Court of Appeals of Texas, Second District, Fort Worth
THE 96TH DISTRICT COURT OF TARRANT COUNTY TRIAL COURT NO.
GABRIEL and KERR, JJ.; and KERRY FITZGERALD (Senior Justice,
Retired, Sitting by Assignment).
Deborah Logsdon appeals from the trial court's summary
judgment granted in favor of appellee Mark E. Logsdon.
Because we conclude the trial court did not err, we affirm
the trial court's judgment. See Tex. R. App. P.
Divorce and Liquidation of Assets by Auction
and Mark married in 1984 and jointly operated a business,
Champion Sweeping. In 2010, the couple separated, and Deborah
filed for divorce on February 10, 2012. When Deborah filed
for divorce, their son was 22 and their daughter was 15. As
described by Mark, "[t]o say the Logsdon's divorce
was contentious would be a monumental understatement."
The family court appointed a receiver "to take charge
and possession" of their assets, including Champion
Sweeping, based on Deborah and Mark's voluntary agreement
to the appointment.
family court heard the divorce action on October 21 and 22,
2013. During the trial, the family court heard evidence that
Deborah began depleting Champion's assets in January 2012
by transferring business funds into her and their son's
bank accounts. At the conclusion of the trial, the family
court orally recognized that although Deborah had
"engaged in fraud" on the community, the fraud was
not an independent action but "a property division
consideration." The family court also stated, "The
divorce is granted today."
days later on October 25, 2013, Mark filed a certificate of
assumed name, forming a new company-New Mark Property
Services (NMPS). On November 4, 2013, the family court
entered a written rendition of judgment, reflecting its
property division and ordering "all assets" of
Champion to be liquidated. In the rendition, the family court
found that Deborah had committed actual fraud against the
community estate and awarded Mark 75% and Deborah 25% of the
net proceeds from the liquidation of Champion. On February 3,
2014, the family court signed a final divorce decree, which
reflected the property division that had been provided in the
written rendition and ordered the receiver to liquidate much
of the community estate, including Champion. On May 14, 2014,
Mark filed an assumed name certificate for Champion,
effective as of July 1, 2014, and listed himself as the
or July 2014, the receiver auctioned the assets of Champion,
with the exception of its name, good will, and customer list.
The net proceeds of the auction totaled $333, 986.86. Mark
bought some of the assets at the auction.This court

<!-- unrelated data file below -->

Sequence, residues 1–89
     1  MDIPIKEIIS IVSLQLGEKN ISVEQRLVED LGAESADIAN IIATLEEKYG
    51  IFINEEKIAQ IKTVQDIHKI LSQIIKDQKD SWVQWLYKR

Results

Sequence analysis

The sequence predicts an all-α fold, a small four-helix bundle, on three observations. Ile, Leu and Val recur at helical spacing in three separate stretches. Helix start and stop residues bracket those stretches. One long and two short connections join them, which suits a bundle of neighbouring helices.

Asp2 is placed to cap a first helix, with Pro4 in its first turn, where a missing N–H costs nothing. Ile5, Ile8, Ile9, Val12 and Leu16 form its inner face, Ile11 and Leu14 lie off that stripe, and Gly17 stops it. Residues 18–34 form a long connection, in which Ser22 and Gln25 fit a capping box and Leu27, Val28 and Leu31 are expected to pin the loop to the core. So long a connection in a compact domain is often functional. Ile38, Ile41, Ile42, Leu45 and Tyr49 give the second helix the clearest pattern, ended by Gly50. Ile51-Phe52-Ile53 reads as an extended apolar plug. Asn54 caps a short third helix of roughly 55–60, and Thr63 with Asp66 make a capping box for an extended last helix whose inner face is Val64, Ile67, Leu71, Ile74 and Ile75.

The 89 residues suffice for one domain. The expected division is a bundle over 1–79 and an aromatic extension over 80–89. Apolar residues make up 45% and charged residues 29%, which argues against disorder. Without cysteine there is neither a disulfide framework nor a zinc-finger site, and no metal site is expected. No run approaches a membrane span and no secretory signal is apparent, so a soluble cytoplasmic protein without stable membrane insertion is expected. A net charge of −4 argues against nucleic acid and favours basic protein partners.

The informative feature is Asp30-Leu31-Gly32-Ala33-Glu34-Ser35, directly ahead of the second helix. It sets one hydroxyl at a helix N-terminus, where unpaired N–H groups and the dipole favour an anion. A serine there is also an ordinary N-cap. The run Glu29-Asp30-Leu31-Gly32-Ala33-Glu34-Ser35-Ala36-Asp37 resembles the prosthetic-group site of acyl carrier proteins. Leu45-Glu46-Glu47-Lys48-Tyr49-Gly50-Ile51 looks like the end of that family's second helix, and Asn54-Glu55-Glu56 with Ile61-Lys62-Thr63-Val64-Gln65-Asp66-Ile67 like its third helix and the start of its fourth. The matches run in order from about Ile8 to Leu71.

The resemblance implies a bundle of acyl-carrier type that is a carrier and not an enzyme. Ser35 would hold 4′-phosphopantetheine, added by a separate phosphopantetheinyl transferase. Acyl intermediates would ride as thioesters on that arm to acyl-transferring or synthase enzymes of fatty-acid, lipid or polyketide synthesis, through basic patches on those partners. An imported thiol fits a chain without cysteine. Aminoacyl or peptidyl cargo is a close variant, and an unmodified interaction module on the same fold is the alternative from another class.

affirmed the property division as ordered by the trial court
even though Mark had been given a larger portion of the
community estate based on Deborah's fraud on the
community. Logsdon v. Logsdon, No. 02-14-00045-CV,
2015 WL 7690034, at *5-7, *8-10 (Tex. App.-Fort Worth Nov.
25, 2015, no pet.) (mem. op.).
point in early 2015, Deborah filed suit against the receiver
for breach of fiduciary duty, fraud, negligence, and gross
negligence. She argued that the receiver's failure to
sell the business as a whole, including its name, good will,
and customer list, allowed Mark to use all of Champion's
assets for the benefit of NMPS. She later added Mark as a
defendant and raised claims for fraud, negligence, and gross
negligence against him. Deborah's claims against Mark
centered on his formation of NMPS before the divorce decree
was signed and his use of Champion assets in his new business
both before and after the 2014 auction.
25, 2015, the trial court granted the receiver's motion
for summary judgment on Deborah's claims against him and
severed those claims from those brought against Mark. We
affirmed the trial court's summary judgment in favor of
the receiver based on the receiver's derived judicial
immunity from liability. Logsdon v. Owens, No.
02-15-00254-CV, 2016 WL 3197953, at *5 (Tex. App.-Fort Worth
June 9, 2016, no pet.) (mem. op.).
September 21, 2015, Mark filed a traditional and no-evidence
motion for summary judgment, supported by summary-judgment
evidence, directed to Deborah's claims raised against him
and on his affirmative defenses of res judicata and
collateral estoppel. See Tex. R. Civ. P.
166a(b)-(c), (i). Deborah responded to Mark's motion and
proffered additional summary-judgment evidence. On December
8, 2015, ten days before the scheduled hearing on Mark's
motion, Deborah amended her petition (the amended petition)
to drop the claims against the receiver and to add claims
against Mark for (1) a declaration of the community-property
character of NMPS, (2) an accounting, (3) conversion, (4)
violations of the Theft Liability Act, (5) unjust enrichment,
and (6) knowing participation in the receiver's breach of
fiduciary duty. She further requested a partition and a
constructive trust. These claims were based on Mark's
formation of NMPS and use of Champion's unsold name and
good will. All of these actions occurred after the
family court had orally granted the divorce on October 22,
December 15, 2015, three days before the hearing, Deborah
filed a supplemental petition against Mark (the supplemental
petition), raising the same claims as those raised in the
amended petition but clarifying that she sought "to
recover all such actual damages from [Mark], " not the
receiver. The trial court held a hearing on Mark's motion
on December 18, 2015, and took the motion under advisement.
On February 5, 2016, the trial court granted Mark's
traditional and no-evidence motion in ...